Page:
I disagree completely with the reject reason. First, the person who rejected the edit was not a moderator and has no crystal ball. Therefore, it's impossible for that person to really know without a doubt that the post was going to be deleted.
Secondly, deleted content on Stack Exchange sites is not really completely removed from the system. On beta sites, any user with at least 2,000 reputation can see deleted posts. Now, I've seen cases where a question was closed or deleted simply because some blatant grammatical and spelling issues made the question appear to be very low quality, when in fact making an edit to clean things up a bit helped expose the ways the question could be further improved and made to fit the guidelines of the site.
Lastly, as I mentioned previously, making edits to questions that are closed or deleted help eliminate unnecessary distractions that prevent users from seeing them in their true light. However, it also has the opposite effect for questions that really, truly do have no value. Anyone with 2,000 reputation or higher who sees the deleted question will know that it wasn't hastily deleted and that effort was made to improve it.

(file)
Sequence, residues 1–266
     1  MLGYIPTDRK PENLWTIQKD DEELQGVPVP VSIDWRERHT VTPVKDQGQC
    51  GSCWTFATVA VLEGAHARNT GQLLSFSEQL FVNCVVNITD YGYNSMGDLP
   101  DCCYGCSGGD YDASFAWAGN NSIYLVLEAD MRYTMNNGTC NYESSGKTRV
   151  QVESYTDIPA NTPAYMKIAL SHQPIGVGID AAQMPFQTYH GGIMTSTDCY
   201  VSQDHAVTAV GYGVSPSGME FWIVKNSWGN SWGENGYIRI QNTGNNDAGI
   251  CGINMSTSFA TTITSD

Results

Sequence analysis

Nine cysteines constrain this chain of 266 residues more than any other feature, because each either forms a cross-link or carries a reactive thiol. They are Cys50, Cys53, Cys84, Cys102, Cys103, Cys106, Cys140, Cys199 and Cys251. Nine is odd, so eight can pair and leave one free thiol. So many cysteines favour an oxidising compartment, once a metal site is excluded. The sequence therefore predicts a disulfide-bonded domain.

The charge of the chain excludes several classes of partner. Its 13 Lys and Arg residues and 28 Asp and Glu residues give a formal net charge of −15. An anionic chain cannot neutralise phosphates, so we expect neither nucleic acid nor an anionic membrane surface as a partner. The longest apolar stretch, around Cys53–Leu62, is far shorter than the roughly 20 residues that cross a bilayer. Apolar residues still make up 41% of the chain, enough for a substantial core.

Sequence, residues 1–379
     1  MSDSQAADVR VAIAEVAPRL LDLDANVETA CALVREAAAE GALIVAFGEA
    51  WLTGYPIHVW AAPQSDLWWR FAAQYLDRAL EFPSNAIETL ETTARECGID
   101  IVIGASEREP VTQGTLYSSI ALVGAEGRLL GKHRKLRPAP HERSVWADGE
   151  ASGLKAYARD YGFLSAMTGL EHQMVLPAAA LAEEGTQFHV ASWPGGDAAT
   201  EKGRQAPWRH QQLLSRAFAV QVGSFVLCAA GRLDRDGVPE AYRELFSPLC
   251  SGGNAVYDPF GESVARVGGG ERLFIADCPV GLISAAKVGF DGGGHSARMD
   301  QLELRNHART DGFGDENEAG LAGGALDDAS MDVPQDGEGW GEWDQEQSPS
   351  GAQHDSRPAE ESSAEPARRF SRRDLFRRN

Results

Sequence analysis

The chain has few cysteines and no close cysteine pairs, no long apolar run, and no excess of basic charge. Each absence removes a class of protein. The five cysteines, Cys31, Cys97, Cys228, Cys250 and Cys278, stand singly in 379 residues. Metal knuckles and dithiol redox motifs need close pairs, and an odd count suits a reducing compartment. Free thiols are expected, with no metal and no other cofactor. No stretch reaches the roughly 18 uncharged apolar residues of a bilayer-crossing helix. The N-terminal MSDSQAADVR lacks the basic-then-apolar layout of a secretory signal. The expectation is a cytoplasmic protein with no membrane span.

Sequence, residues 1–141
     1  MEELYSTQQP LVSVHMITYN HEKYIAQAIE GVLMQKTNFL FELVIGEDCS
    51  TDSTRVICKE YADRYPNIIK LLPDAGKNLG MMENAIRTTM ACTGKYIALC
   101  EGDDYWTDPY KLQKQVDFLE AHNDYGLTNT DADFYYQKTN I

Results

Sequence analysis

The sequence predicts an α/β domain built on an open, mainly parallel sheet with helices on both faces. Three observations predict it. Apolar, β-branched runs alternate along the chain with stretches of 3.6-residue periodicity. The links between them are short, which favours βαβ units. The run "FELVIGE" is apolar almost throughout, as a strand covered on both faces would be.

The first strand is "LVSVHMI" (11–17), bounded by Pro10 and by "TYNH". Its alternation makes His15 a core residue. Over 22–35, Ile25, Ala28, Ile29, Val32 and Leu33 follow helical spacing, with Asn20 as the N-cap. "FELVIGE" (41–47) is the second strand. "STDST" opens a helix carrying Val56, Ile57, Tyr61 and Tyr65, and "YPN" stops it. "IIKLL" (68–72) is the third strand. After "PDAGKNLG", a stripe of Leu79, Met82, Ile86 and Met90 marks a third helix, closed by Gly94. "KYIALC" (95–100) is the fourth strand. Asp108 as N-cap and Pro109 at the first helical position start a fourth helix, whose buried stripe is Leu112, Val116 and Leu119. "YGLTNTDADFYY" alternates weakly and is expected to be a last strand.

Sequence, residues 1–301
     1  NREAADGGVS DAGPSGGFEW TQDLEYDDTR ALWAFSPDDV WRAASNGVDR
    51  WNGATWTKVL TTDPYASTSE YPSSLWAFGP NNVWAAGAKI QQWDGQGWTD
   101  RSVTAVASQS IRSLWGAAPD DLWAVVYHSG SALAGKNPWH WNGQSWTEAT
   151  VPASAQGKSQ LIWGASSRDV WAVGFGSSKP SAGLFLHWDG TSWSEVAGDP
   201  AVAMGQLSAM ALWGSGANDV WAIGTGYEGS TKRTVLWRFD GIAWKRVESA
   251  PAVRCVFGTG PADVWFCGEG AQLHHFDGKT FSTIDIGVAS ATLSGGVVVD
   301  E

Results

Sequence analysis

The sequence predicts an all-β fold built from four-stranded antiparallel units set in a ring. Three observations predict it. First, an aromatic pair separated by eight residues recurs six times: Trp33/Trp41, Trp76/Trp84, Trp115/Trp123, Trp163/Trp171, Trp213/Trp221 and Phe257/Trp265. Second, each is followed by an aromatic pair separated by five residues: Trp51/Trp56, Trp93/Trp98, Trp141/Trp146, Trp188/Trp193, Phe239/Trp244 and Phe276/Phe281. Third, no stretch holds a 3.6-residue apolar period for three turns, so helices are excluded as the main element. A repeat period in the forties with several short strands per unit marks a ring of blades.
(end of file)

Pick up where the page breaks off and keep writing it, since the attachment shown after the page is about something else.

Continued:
The Stack Exchange community team has emphasized that a good first step on any closed question is to first edit the spelling and grammar to see the posts more clearly. Is getting a clearer picture of a question that, at face value appears to be a broken window, really not what we want to encourage out of our user base, just because of a couple reputation points?
Post is closed and will be deleted. I don't see a reason to edit it (any edit reputation will be lost, as you know).
With that said, it's clear that this question has no value here, edited or not, but are the high rep users on this site who have the power to reject edits really that worried about someone else gaining +2 reputation for trying to improve the site? If we make this about rep, we discourage healthy behaviors. If someone is trying to improve the site, judge their actions based on that.
It is not enough that I win, everyone else must lose....
-- Genghis Khan